Professor Garcia joined the History Department after teaching in Cal State East Bay's Department of Ethnic Studies. Prof. Garcia is an American intellectual and cultural historian with a teaching and publishing emphasis on Mexican American History and Mexican American/Latino Cultural Studies. His other areas of interest are Ethnic History, Southwest and California History, History and Theory, Biography, and American Cultural Studies. Prof. Garcia is author of numerous books, including The Chicanos in America, 1540-1974 (1977),Political Ideology: A Comparative Study of Three Chicano Groups (1977), Rise of the Mexican American Middle Class: San Antonio, 1929-1941 (1991), the award-winning Cesar Chavez: A Triumph of Spirit (1995), Notable Latino Americans (1997) which won a CHOICE outstanding book award for 1997, Ethnic Community Builders: Mexican Americans in Search of Justice and Power (2007) and the soon-to-be-published Mexican Americans: Essays of History, Culture & Thought. He was also the co-editor of Race and Class (2001), and the consulting editor for California History, Special Issue on Mexican Americans in California (1995). He is also the author of several articles, including "Religion as Language, Church as Culture: Changing Chicano Historiography" in Reviews in American History 34, no. 4 (Dec 2006), and has presented research at numerous professional conferences in several countries.
Professor and Public History Coordinator
B.A., Trinity College (CT), Ph.D., Georgetown University
Professor Ivey specializes ethnicity, immigration and environmental U.S. history, with an emphasis on California. She is the co-author of Citizen Internees: A Second Look at Race and Citizenship in Japanese American Internment Camps with Kevin Kaatz (Praeger, 2017). She has also authored “Ethnicity in the Land: Lost Stories in California Agriculture” in Agricultural History (2007); “Apples and Experts: Evolving Notions of Sustainable Agriculture” in Global Environment(2014); “Protecting the People’s Mountain: Hiking and the Roots of Environmentalism in Marin County” in Sports in the Bay Area: Golden Gate Athletics, Recreation and Community (University of Arkansas Press, 2017); and “Riotous Environments: Filipino Immigrants in the Fields of California” in An Environmental History of Modern Migrations (Routledge Press, 2017). Professor Ivey is the coordinator of the Public History program at CSU East Bay and works with local museums and historical institutions to offer student internships and link student work to public venues. She teaches courses in the history of California and the West, as well as in environmental, immigration, and public history.
Assistant Professor and Graduate Coordinator
B.S. and B.A., University of Michigan, M.A. Graduate Theological Union, Berkeley and Ph.D. Macquarie University, Sydney, Australia.
Professor Kaatz specializes in Roman history/digital humanities, and in particular, early Christianity and its interactions with Roman culture and interactions among different Christian groups. He completed his Ph.D. in Ancient History at Macquarie University, Sydney, Australia and his dissertation is titled “Augustine’s Contra Epistulam Fundamenti: Augustine’s Knowledge of Manichaean Cosmogony and His Response to this Epistula, with Commentary.” He is interested in how and why people convert and how theology is created. Professor Kaatz has published three books, Hegemonius, Acta Archelai (The Acts of Archelaus)with M. Vermes, and S. N. C. Lieu (2001), Early Controversies and the Growth of Christianity (2012), and Voices of Early Christianity: Documents from the Origins of Christianity (2013). He is currently working on a manuscript titled The Rise of Christianity: History, Documents, and Key Questions, to be published in late 2015, and a manuscript on the history of Eusebius of Nicomedia and his interactions with the Arians. He has also published articles in early Christianity and neuroscience. Professor Kaatz was a recipient of a Promising Course Redesign grant (2013/2014), along with Professor Ivey and Dr. Park, and received a Faculty Support Grant (2014/2015), along with Professor Ivey, to study an unpublished archive of 2,000 documents on the experiences of Japanese Americans from the Bay Area who were interned during WWII. Professor Kaatz teaches courses in the history of the ancient world (Ancient Greece, Ancient Egypt, Early Christianity), the World Civilization survey courses and Historiography. He is also the Coordinator of the History Department’s Digital History Lab. You can see his ancient history website here: www.digitalancienthistory.com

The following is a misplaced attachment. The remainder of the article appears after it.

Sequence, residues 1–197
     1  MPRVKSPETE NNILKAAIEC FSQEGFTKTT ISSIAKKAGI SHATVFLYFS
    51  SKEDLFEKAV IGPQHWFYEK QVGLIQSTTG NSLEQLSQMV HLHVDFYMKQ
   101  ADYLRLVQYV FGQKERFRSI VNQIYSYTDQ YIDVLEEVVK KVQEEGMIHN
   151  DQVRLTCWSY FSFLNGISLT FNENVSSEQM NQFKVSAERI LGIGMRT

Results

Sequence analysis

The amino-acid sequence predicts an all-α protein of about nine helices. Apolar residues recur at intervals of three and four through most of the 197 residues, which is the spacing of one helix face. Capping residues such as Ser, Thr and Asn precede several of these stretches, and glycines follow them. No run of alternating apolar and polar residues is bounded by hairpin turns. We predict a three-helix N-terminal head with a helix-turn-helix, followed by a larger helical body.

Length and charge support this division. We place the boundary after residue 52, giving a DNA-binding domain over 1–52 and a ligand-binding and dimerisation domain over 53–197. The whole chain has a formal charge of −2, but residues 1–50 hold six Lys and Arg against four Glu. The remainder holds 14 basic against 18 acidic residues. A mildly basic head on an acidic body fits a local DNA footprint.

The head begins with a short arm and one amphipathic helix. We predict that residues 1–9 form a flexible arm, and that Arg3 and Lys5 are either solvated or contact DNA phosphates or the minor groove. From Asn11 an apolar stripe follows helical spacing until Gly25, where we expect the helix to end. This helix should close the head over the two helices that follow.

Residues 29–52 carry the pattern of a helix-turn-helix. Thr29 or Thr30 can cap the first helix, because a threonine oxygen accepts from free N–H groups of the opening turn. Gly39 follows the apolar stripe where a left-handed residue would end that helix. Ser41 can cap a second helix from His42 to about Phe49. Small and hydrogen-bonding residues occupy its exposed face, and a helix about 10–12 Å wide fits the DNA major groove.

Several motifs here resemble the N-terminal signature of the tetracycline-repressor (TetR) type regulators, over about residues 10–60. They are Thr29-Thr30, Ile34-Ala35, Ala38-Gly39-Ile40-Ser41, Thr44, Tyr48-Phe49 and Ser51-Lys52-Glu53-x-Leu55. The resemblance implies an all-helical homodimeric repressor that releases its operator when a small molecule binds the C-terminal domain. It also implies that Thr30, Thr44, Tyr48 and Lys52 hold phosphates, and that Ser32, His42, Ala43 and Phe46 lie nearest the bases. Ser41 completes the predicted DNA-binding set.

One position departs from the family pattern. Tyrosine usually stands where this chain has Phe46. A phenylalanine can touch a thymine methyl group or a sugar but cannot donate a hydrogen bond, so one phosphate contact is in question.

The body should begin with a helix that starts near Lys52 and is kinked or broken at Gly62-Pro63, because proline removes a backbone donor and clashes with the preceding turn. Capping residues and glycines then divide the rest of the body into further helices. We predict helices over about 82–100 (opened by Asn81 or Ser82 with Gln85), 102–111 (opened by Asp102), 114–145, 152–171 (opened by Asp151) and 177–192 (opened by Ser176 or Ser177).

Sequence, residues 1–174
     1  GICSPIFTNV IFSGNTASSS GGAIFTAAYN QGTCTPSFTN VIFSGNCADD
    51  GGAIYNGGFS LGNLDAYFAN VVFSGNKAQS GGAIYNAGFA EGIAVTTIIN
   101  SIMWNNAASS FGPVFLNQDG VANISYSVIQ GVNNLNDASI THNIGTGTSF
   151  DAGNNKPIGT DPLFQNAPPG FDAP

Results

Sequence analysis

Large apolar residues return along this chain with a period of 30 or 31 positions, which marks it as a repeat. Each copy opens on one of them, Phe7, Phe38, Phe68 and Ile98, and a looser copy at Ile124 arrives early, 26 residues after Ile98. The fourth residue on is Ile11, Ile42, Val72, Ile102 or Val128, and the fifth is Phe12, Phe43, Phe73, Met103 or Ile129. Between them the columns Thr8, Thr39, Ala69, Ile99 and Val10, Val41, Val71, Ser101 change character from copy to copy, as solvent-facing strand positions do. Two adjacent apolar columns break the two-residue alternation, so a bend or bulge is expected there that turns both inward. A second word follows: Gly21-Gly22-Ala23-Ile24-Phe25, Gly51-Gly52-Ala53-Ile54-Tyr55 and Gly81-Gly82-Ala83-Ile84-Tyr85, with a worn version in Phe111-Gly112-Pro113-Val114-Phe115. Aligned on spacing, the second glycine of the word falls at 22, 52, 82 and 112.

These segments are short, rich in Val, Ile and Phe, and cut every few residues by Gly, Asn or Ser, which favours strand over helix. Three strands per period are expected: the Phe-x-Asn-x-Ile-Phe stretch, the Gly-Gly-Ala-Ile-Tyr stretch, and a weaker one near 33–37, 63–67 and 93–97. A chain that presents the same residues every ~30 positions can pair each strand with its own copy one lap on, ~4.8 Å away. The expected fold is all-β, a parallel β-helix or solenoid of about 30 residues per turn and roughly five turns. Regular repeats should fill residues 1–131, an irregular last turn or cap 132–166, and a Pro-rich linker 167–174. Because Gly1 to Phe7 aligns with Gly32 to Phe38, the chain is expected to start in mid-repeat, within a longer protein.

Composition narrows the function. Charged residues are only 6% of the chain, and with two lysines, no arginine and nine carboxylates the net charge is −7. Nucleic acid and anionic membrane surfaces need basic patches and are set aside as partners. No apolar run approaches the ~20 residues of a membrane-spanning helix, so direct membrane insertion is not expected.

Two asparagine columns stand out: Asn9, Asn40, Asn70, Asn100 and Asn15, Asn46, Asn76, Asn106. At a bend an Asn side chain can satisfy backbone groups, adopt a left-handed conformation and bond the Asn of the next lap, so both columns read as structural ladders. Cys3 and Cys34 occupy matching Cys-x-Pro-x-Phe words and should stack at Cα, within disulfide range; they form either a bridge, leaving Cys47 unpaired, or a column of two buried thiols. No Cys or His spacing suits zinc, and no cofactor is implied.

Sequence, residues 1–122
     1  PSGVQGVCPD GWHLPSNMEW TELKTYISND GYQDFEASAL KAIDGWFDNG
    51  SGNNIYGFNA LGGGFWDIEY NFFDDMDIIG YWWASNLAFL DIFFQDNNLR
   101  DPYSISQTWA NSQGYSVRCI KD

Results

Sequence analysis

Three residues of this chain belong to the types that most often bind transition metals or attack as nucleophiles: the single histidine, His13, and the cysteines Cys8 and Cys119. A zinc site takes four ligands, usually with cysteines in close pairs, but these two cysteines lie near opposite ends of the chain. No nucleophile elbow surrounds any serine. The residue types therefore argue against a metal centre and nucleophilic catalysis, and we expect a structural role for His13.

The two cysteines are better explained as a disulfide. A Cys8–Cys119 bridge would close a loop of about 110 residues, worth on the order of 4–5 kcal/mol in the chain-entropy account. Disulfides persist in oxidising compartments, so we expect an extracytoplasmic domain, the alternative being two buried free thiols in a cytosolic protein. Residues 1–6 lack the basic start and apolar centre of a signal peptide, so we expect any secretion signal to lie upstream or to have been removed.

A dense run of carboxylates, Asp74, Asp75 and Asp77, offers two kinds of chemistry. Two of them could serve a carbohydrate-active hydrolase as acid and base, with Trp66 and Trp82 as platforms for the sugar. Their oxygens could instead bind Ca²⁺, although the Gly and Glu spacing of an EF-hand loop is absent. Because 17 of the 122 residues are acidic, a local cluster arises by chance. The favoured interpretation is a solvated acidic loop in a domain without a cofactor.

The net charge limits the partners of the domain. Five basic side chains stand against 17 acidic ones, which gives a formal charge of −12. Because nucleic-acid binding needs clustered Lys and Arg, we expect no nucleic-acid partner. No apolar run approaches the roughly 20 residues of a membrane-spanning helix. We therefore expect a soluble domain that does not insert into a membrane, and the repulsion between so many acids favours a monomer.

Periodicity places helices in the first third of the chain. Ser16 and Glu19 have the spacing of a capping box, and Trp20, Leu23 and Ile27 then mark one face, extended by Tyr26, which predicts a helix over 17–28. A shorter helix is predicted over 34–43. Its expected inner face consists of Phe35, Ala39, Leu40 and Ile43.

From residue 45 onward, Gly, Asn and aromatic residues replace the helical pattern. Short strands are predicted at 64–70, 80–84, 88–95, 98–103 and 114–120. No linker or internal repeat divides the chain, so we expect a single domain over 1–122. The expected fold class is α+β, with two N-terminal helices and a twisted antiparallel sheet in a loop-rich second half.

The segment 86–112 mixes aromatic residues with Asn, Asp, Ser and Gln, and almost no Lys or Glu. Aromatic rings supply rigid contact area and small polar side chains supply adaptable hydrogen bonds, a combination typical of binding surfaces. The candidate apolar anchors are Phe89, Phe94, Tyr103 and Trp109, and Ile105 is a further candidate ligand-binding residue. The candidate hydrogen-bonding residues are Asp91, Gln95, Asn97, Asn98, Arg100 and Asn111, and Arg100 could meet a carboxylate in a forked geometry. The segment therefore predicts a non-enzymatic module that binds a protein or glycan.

A.B. Harvard University; M.A. Johns Hopkins School of Advanced International Study; Ph.D., University of California, Berkeley
Professor McGuire is a historian of global communism who teaches courses in modern Europe, modern Russia, and modern China. Her first book, The Sino-Soviet Romance: How Chinese Communists Fell in Love with the Russian Revolution, is currently under review at Oxford University Press. She has also completed research for a second book, Communist Neverland: History of an International Children’s Home, 1933-2013, and has published articles in three edited volumes: Everyday Life in Russia Past and Present: Strategies, Subjectivities, and Perspectives; Little Red Book: A Global History of the Quotations of Chairman Mao; and The Soviet Impact on China, 1949-1991. In 2010-2012, Professor McGuire was an Academy Scholar at the Harvard Academy for International and Area Studies. She loves literature and speaks Russian, French, and Chinese.